On at least one key point covered during his opening keynote at Private Equity International's CFOs & COOs Forum held in late January, in New York, Alan Greenspan was preaching to the converted. Dodd-Frank, the 2010 federal act designed to reform Wall Street and protect the US economy from financial disaster, was a misguided and damaging piece of lawmaking that needed throwing out, the iconic former Fed chairman declared.
Lest there be any doubt, “it was the worst economic policy since Nixon's wage and price controls”, the 90-year-old said, referring to the 37th US president's doomed gamble of 1971 to bring down inflation.
Prior to Greenspan taking the stage, no fewer than 85 percent of the 500-odd private equity practitioners in the room had voted in an electronic poll that Dodd-Frank should indeed be dismantled.
Greenspan, for his part, was with them all the way on the issue.
He told the crowd that the free-market enthusiast in him would go as far as eliminating regulation of financial intermediaries altogether, relying instead on risk capital requirements of 20 percent or higher to focus managers on curbing their animal spirits to prevent excess. If this led to a reduction in lending, he added, then surely it would only prohibit the irresponsibly risky transactions that shouldn't have been underwritten in the first place.
However, Greenspan being Greenspan and displaying the same real-world pragmatism he also embodied during his 19 years at the helm of the US central bank, he went on to acknowledge that no such arrangement would ever pass muster politically. In fact, of team Trump's ability to deliver a root-and-branch overhaul of Dodd-Frank, he spoke with great scepticism: “The administration will try to take it apart and perhaps will take half of it down, but I don't think that's enough.”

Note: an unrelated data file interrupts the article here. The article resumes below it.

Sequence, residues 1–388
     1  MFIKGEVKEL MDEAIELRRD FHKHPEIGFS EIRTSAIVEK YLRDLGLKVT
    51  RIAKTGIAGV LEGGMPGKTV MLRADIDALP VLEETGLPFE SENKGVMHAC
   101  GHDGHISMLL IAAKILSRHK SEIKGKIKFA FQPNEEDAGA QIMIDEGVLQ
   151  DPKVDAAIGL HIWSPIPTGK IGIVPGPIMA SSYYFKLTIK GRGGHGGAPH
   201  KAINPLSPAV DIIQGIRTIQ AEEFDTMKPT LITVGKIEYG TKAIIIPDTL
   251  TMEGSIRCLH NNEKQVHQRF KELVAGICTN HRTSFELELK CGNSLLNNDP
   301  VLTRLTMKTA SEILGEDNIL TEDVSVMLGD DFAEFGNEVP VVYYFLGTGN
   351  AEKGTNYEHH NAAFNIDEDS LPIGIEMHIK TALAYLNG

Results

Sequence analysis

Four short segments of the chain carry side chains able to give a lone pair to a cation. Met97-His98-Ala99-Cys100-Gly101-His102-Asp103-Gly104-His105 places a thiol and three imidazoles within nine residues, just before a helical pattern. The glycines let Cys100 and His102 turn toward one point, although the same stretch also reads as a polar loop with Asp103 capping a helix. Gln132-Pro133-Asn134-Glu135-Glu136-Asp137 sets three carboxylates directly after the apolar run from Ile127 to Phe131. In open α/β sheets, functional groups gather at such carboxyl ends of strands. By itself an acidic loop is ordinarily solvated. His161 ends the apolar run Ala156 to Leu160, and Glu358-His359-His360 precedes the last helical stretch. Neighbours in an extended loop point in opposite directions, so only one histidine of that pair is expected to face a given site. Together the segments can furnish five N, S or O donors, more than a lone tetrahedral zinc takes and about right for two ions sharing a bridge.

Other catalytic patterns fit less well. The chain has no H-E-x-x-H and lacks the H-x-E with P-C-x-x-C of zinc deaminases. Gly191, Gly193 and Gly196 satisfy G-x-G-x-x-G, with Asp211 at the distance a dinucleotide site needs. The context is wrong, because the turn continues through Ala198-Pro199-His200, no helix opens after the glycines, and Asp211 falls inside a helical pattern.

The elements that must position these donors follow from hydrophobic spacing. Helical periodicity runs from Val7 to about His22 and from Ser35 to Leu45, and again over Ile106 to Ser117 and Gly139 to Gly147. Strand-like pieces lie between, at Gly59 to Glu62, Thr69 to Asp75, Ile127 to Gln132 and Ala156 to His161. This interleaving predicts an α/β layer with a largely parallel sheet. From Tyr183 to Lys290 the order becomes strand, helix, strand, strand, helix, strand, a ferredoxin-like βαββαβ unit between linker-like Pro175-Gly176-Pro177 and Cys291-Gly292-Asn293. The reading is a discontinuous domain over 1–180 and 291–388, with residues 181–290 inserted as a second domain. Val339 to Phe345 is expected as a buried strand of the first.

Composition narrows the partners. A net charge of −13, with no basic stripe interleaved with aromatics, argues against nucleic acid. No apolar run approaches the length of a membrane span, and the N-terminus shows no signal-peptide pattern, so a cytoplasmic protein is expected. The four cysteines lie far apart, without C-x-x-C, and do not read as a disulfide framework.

In much the same vein, many of the CFOs and COOs present also attached a low probability to the idea that Trump's regulatory refurbishment would actually result in something transformational. “It will be really hard to fully reform regulation,” one speaker said, while a second described the prospect of a comprehensive dismantling of Dodd-Frank as “unrealistic” – comments reflecting the rather fatalistic view that bureaucratic institutions, once created and endowed with legally enshrined powers, tend to find ways of securing their own survival.
So instead of the government demolishing Dodd-Frank altogether, American private equity practitioners are resting their hopes merely on some favourable tweaks to the existing framework, a lighter enforcement touch than what the SEC and its sister agencies became known for during the outgoing Obama administration, and also a careful handling of the most relevant elements of the US tax code.
With regards to the latter, there are growing fears that under the new regime the deductibility of interest payments on corporate debt will be abolished, and that the rules around taxing carried interest might change as well. As of yet, there is simply no knowing how these and a thousand other US policy issues are going to play out.
Only two things look certain: firstly, the private equity industry will have to hold its breath until it finds out how the rules that govern it will actually change; and secondly, on the question of how much scope there is for radical reform, Greenspan for one isn't holding his breath.